McCann is stunning--I love exhalation and imperative, and I see it too, the way both "Taken" and Transatlantic" suspend us--yes, suspended breath; these three excellent examples of different technical paths to the same.
And yeah, this is one of those things poetry does (for me) considers the effects of breath and space; things excellent prose can do too...

Date: 2017-04-03 04:54 pm (UTC)
From: [identity profile]
I'm not worthy of being on this list - my writing is so prosaic that I've actually included bulleted lists in my fic. Okay, not literal bulleted lists, but I have a habit of having characters rattle off numbered lists. I can't help it; I'm a technical writer by training. Ordered lists are a good thing.

Anyway. What is poetry? I can't describe it but I know it when I see it. I really need to do a better job of keeping track of things I love, because I can't provide examples! Everything you write, obviously. Most works by [ profile] kalliel and [ profile] indiachick. Over on AO3, there's "The Choir of Principalities" by deadlybride, which I find fascinating and beautiful.

Date: 2017-04-04 12:39 am (UTC)
From: [identity profile]
I love lists! If you wrote a story entirely in list form I'd surely be enthralled. : )

Thank you for pointing me to the choir of principalities--that was awesome in the biblical sense.

steeplechasers/askance is another writer of experimental prose/poetry that you'd probably enjoy in case you haven't already.
Edited Date: 2017-04-04 12:44 am (UTC)

Date: 2017-04-04 05:12 am (UTC)
From: [identity profile]
Am also a big, big fan of lists.

Date: 2017-04-04 01:30 pm (UTC)
From: [identity profile]
I remembered I actually have one list-based fic but y'all have given me an idea for how to do something that was already churning in my head...

Date: 2017-04-05 03:29 am (UTC)
From: [identity profile]
your listfic; <3! Really happy to hear that we conjured up some technique ideas!

Date: 2017-04-04 01:31 pm (UTC)
From: [identity profile]
steeplechasers/askance is another writer of experimental prose/poetry that you'd probably enjoy in case you haven't already.

Mmmmm, yes, already on my stalker list! :)

Date: 2017-04-04 04:39 am (UTC)
From: [identity profile]
Well, you totally are worthy of any list that contains awesome wordcraft <3 One-sentence fics are a fave of mine.
Also: lists. Love lists and I use 'em a lot in prose/poetry. Don't know if it would surprise you that I've taught a little tech writing in the past; have a real appreciation for that clarity, precision. And science writing...see a lot of poetry there.

I haven't read "Choir" --<3!

ETA: I read it. Excellent. And the discussion in the comments <3 I save those conversations.
Edited Date: 2017-04-04 05:15 am (UTC)

Date: 2017-04-03 06:04 pm (UTC)
laughablelament: (BunnyDean)
From: [personal profile] laughablelament
Higher Learning! Thank You! Good chance I'd have missed that.

Nodding here at Z's concept of greater, yes! I keep thinking (to mangle one of your favorite metaphors), poetry is when the vehicle is more important than the destination? Or maybe, equally important. Sometimes. :p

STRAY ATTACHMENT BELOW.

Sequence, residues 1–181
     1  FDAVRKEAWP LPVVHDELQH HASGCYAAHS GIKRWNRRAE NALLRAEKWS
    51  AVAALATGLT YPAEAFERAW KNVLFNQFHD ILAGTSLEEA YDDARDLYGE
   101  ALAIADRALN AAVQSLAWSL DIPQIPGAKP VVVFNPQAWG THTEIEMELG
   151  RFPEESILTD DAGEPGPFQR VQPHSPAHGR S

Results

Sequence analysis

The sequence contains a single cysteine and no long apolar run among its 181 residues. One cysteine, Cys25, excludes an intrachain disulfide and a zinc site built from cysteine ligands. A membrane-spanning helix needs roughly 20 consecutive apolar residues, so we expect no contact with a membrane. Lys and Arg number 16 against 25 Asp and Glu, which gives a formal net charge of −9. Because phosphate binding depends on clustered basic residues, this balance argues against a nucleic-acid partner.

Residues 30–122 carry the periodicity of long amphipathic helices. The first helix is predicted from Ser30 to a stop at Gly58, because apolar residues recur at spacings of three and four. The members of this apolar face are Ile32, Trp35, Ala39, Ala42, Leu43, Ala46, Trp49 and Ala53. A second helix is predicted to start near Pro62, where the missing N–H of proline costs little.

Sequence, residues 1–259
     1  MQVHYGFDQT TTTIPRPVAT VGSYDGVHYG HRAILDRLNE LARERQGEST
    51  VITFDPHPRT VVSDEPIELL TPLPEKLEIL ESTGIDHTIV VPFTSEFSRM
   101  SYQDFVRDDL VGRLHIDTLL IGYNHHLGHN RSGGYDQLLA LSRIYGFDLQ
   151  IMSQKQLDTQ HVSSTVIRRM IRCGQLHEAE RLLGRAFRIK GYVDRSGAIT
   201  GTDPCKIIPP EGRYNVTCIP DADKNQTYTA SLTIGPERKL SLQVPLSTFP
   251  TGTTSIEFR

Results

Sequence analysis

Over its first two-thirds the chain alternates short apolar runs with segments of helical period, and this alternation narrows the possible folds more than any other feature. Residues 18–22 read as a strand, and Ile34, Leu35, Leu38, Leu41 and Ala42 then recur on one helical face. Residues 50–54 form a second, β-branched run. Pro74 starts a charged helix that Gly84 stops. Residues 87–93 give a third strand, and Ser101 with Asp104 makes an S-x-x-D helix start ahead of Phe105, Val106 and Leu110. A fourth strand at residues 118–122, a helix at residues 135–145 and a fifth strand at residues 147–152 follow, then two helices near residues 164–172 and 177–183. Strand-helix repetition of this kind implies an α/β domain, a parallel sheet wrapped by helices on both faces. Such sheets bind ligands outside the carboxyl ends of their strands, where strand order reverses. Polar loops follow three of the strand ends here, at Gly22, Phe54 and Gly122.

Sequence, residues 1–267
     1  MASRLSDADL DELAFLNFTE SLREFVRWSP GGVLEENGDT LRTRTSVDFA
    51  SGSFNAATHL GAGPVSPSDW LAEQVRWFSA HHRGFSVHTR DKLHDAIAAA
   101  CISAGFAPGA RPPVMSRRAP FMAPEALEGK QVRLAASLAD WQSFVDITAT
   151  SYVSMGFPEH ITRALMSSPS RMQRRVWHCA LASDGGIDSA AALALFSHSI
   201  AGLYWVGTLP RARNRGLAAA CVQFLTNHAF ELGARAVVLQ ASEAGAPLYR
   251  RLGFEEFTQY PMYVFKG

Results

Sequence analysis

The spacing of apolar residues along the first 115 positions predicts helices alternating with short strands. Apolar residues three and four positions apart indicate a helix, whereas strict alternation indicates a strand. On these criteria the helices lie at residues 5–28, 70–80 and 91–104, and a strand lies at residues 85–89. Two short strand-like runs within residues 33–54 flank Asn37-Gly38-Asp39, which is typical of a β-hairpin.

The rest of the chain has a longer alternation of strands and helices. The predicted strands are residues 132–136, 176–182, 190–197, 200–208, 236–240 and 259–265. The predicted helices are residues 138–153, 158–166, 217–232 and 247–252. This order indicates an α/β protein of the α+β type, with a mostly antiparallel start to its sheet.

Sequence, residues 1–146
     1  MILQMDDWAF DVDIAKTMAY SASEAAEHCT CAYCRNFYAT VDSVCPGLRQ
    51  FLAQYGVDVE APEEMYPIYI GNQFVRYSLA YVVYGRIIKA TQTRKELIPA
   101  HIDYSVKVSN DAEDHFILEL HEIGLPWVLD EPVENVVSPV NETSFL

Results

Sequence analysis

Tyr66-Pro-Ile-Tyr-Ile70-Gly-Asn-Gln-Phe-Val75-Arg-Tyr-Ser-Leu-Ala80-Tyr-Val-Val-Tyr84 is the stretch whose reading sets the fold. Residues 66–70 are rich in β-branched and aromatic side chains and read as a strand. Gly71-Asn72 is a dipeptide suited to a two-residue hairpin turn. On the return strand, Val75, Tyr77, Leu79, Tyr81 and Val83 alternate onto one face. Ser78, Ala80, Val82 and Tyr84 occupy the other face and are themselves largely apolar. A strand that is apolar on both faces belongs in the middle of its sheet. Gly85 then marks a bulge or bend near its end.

Linden's "Unraveling" -- which is the kind of smut I aspire too, whoo boy. This passage:
Sam’s other hand was stroking calloused and warm up his leg, over his hip, along the taut, jumping muscles of his stomach, and Dean didn’t—he’d been fucked before, for fun and for money, but Christ on a crutch no one else had ever looked at him like this; no one else had ever touched him like this while they’d opened him up, idle and possessive and familiar, like they knew him, like they loved him, and it was cracking something open in his chest that he wasn’t certain he could afford to break.
All one sentence, for a start. Liquid, long clauses split with lists. Stuck in my head for weeks.

I also loved Nisaki's "Dear Owner," for the first-person, clever and offbeat samulet voice and sweet sentimentality.

(Which got me thinking about Reno, and from there just all of your stuff, okay? Right now it's still "whatever dead is these days," but there's always a quote of yours floating around my noggin.)

Poetry is taking the two-lane blacktop instead of the interstate. Fucking around with Lincoln Logs on the steps of the Lincoln Memorial. Playing Operation with the goal of making your buddies jump. Ok now I'm officially just talking shit.

Date: 2017-04-04 05:23 am (UTC)
From: [identity profile]
Aw, please talk more shit, heh. Because yes: the two-lane. The double Lincoln (s), the play, the offbeat, the liquid, the lists, the drive, the drive. (One reason I'm sorta not a spoilerphobe: care more about the drive than the destination.) Writer in the driver's seat, I know; hope I don't wear that one out, heh.

Poetry is seeing it slant; I dunno, all the small stories clicking around in the cracks in the second layer of paint under the spare tire in the trunk on a cold Sunday in Indiana. And the vast sky above.

Poetry is talking shit, ( ;

Date: 2017-04-04 01:20 pm (UTC)
From: [identity profile]
I don't know if the rest of the world considers this poetry, but [ profile] z_publicizes published a new chapter of Blood Will Out (thank you baby Jesus) and maybe this quote is just really good prose, but to me, it sings: